I read with interest the recent Report on Business article “How Does IKEA Seduce Us?” partly because I have played the role of the “mouse in the maze” too many times, but also because I think that there are a few things that the CPG Industry can learn from the success of this global retailer.
Here are my thoughts:
Provide Value By Adding Experience to the Retail Visit
People shop at IKEA because they help the shopper save money while making them (and their homes) look good. Shoppers know when they go there that it will not be a “quick trip”.
People don’t mind spending longer in a retail environment when they can find value and entertainment in the experience. In the CPG world it seems like only Costco has latched on to this idea with any great success.
IKEA does it with ballrooms for kids and low cost meatballs, ice cream and hotdogs. Costco does it with low cost flat screen televisions, ice cream and…hotdogs!
It may be simplistic to pin their success on the humble hotdog but making the store a destination for some other reason than buying in the centre of the store creates value not only through prices but also through “retail-tainment”.
IKEA and Costco make a lot of money through their expanded view of “value”.
There is room for us to think beyond price when it comes to value and to ensure that shoppers “want” to visit the store rather than “have” to visit the store.
Be Trend Watchers and Early Adopters
The article refers to IKEA’s success in equipping households with flat screen TV friendly “Besta” entertainment units. IKEAs launch of Besta, back when the price of a flat screen was high, might not have been a good short-term investment of precious retail space. However, by displaying the product prominently in its stores ahead of the trend, IKEA consumers knew exactly where to go when they were finally able to afford a 42” Plasma and needed a way to display it as the centerpiece of their family room.
It is tough to launch a product when the idea is still “ahead of its time”. I have seen launches such as laundry tablets and heart friendly margarine with planet sterols fail because retailers were too addicted to the revenue and margin today vs. the potential market of the future.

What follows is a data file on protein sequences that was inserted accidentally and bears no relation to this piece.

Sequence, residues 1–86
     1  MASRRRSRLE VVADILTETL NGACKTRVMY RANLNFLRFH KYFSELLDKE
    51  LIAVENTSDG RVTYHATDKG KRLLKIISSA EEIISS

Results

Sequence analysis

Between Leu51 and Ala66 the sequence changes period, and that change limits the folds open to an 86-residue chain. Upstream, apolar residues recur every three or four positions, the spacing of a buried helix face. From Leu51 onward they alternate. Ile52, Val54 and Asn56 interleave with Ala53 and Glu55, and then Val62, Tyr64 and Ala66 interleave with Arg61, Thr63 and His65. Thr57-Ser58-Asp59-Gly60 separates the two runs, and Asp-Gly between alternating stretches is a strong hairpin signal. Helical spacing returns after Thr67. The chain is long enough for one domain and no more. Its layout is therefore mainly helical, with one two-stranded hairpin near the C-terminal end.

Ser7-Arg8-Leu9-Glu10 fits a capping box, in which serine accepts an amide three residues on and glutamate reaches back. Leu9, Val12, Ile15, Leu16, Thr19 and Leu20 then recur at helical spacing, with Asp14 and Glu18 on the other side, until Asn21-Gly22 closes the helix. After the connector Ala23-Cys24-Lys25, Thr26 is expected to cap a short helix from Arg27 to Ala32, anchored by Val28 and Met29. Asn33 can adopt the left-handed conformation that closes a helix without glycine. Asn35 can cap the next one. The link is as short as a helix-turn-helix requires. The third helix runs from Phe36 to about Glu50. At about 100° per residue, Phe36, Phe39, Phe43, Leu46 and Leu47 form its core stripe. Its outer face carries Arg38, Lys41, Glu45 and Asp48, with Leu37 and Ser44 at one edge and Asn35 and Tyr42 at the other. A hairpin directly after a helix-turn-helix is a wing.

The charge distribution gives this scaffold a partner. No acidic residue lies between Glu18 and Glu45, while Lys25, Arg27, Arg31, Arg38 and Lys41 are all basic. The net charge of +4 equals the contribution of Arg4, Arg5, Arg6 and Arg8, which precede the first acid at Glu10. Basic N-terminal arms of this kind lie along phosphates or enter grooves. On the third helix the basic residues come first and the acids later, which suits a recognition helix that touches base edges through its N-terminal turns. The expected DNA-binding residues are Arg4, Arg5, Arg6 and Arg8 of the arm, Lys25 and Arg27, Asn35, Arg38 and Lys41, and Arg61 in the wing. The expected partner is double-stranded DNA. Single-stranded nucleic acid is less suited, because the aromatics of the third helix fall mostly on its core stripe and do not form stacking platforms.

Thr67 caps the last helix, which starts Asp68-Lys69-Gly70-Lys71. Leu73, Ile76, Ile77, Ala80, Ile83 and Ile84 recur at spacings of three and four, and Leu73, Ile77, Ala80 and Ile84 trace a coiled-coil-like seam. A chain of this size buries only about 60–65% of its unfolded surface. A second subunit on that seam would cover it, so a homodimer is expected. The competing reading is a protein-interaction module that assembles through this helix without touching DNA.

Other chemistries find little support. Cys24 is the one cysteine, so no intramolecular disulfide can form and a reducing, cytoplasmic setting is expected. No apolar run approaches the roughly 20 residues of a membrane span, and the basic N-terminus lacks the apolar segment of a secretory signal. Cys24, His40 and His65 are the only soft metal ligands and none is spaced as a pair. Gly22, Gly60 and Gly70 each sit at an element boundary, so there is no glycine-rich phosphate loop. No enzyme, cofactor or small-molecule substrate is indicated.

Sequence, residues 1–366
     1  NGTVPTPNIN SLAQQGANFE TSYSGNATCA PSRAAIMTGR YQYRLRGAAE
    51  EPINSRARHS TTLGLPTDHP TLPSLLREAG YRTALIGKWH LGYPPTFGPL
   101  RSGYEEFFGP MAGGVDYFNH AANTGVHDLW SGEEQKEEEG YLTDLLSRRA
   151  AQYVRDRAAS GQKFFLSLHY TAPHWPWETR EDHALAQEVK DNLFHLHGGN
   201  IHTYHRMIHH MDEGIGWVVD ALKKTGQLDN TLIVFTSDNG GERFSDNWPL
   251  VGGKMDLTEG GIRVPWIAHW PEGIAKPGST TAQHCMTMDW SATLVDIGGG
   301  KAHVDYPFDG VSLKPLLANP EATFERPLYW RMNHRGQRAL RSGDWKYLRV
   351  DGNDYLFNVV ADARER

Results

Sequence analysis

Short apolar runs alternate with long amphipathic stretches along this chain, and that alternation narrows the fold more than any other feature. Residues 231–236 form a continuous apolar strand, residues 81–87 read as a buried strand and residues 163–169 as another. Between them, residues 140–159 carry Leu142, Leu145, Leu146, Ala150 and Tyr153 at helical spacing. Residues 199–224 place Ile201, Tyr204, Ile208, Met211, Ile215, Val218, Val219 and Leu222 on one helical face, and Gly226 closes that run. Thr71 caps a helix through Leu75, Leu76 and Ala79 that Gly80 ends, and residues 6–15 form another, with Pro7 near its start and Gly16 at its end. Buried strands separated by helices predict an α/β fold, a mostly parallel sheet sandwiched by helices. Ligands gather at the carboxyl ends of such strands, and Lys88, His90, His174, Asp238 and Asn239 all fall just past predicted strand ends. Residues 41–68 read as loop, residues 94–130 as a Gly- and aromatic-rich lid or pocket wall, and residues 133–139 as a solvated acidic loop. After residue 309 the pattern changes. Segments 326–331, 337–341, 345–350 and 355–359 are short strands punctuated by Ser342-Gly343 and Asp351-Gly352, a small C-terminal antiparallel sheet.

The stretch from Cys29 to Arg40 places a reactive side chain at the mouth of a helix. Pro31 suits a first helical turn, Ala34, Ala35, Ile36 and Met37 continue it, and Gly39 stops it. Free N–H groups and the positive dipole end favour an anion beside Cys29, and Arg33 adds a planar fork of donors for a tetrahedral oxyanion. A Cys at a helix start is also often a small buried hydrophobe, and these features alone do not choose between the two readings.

Innovative retailers who are willing to gamble on trends and stick it out past six months of sales before discontinuing an item might just find a profitable niche and competitive advantage as the reward for their risk.
In the CPG world most companies are all too happy to achieve 80% distribution in six weeks or 2% redemption on the latest direct mail campaign. We are all smart people who are well paid and have substantial resources to draw upon. We must set the bar higher vs. settling for “good enough”.
IKEA is driven to pay attention to details right down to ensuring that photography in it’s advertising is typical of a Canadian home – which is not always the case in IKEAs stock photography from Sweden. Retail is detail.
CPG suppliers should focus on “pay for performance” schemes and develop a way of tracking performance in real time. Put more money on the table for 100% compliance and enforce it for new launches and promotions.
From a retailers perspective you must pick the three or four major initiatives that will really drive category sales in each quarter and “execute flawlessly”. Suppliers should see the value in perfect execution and “pay to play”.
In the end, there is money to be made (and shared) by developing a greater sense of executional excellence in our industry.
Encourage Shoppers Stay In Store Longer
I am fully aware that there is great debate around this concept. I agree that putting the milk in the back left corner of the store is stupid – especially when the “quick-trip” is one of the most valuable to the retailer. Why make shoppers jump through hoops when they only want milk?
But keeping shoppers in the store longer by making them “want” to stay there is not such a bad thing.
IKEA helps people stay in store longer by keeping the concept fresh, constantly adding new items and entertaining them along the way. Their cafeteria selling low cost and good tasting food is located halfway through the “maze” – giving you the opportunity to fuel-up before hitting the impulse section of the store.
Today’s CPG marketplace has become mundane and un-exciting. How do we engage shoppers to linger longer? How do we get them to see more of what the store has to offer?
Similar to the IKEA, one innovative US retailer, Stew Leonard; has laid out their supermarkets in a maze or “serpentine” formation to ensure a logical flow through the store and increase the chances of cross category purchases. Their per-store sales are much, much higher than the average supermarket.
Maybe this is how we increase shopper interest in the “centre of store” – by eliminating it all together.
IKEA is by no means a perfect retail concept. However, I think that there are many ideas the CPG Industry can adapt / steal in order to grow sales and shopper satisfaction – maybe even including hotdogs!